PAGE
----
Calculator-Based Lessons Help Examine Real-World Data
Students may determine equations based on graphs and regression models.
By Donna Iadipaolo
Probes and sensors connected to graphing calculators allow students to learn mathematical modeling because these devices gather data for a real-world experiment. A teacher may encourage students to think and talk about connections between a cooling experiment and a ball-dropping experiment, for instance, by discussing how equations can be determined from the data in each case. Many of the National Council of Teachers of Mathematics (NCTM) Standards may also be covered by such endeavors.
Students may recognize the cooling experiment as exponential because the graph curves and decreases quickly before gradually leveling off. They may recognize that the ball-dropping experiment is parabolic because it contains a maximum and curves outward to a minimum. In contrast, scatterplots that suggest a linear function form a line and depict a proportional relationship between the independent and dependent variables. Exponential functions are often confused with power functions. While an exponential function’s general form is y=a^x, a power function’s general form is y=x^a. If a student is not familiar with which graph to use for a particular function ,a correct regression model could be chosen by figuring out which form the data fits best. The NCTM standards require students to “understand patterns, relationships, and functions.” One of the ways they can meet this standard is by learning to identify which graphs to use to perform particular functions.
The issues that I would raise to assess the students’ understanding of using functions to model the data are:
- Describe their process for formulating the equation.
- Describe the general form for a linear, exponential, quadratic, and power function.
- Determine the equation for each graph generated from the data.
Personally, I have incorporated technology into some of my online lessons this past year by having students use the Apple spreadsheet program “Numbers” to create a scatterplot and use regression models. Furthermore, I would have students collect and display the data and find precise equations to fit the data. The instructional sacrifices made in having students use the calculator to generate the equation initially does not allow students to perform calculations based on certain data points to determine equations. By having students explore the regression models before allowing them to use a graphing calculator, you can help ensure that students know which function to use for a particular problem. Use of technology and application of various regression models also fits into the “Representation” NCTM standards. Specifically, in this work, students “create and use representations to organize, record, and communicate mathematical ideas.”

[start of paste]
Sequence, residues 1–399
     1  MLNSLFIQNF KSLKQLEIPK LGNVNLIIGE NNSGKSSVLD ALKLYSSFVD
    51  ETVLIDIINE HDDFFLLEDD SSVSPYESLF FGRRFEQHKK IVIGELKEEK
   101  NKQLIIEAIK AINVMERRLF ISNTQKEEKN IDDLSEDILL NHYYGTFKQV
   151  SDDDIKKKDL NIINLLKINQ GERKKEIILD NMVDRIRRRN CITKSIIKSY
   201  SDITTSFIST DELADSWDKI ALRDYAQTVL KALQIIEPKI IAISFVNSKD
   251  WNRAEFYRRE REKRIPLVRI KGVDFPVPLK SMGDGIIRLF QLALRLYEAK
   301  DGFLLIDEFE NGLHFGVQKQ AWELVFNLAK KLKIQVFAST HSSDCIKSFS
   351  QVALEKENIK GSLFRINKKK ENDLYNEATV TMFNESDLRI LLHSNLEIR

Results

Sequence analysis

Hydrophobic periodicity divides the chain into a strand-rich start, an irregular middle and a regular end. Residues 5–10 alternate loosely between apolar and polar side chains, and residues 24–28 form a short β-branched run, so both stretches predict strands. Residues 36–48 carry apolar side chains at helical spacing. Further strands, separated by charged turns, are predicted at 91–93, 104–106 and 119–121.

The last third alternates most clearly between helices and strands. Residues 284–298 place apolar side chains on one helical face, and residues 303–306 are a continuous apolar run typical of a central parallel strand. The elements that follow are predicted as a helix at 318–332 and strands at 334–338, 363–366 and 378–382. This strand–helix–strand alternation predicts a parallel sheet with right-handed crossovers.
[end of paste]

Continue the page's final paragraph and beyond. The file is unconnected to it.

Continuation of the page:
Applying Real-World Data
One can ensure that technology is used as a tool for learning mathematics, rather just for fun, by having students apply real-world data. Other modeling activities could include curve fitting. For instance, live experiments collecting data could also ensure that technology is used as a tool for learning mathematics, such as collecting data on students walking at a constant rate versus accelerating. Students could also research and input available data, such as looking at population growth for a certain region over time and then modeling the best equation for that data. Certain sports data could also relate such as studying data between the number of minutes a sports player plays and the amount of points that s/he scores. Applying mathematical aspects to the real world further connects to the NCTM standards because students “use representation to model and interpret physical, social, and mathematical phenomena.”
More Graphing Calculator Lessons
Students are shown how to use a graphing calculator to solve various algebraic problems. There is a focus on polynomials.
Students use graphing calculators to explore and record data and communicate their results and analysis.
Students use a motion sensor and graphing calculator to collect data on a free-falling object. Students examine velocity and distance in relation to time and determine how these variables relate to acceleration.
Students use electronic probes and graphing calculators to collect and process data. They then analyze what a bouncing ball would do in various situations.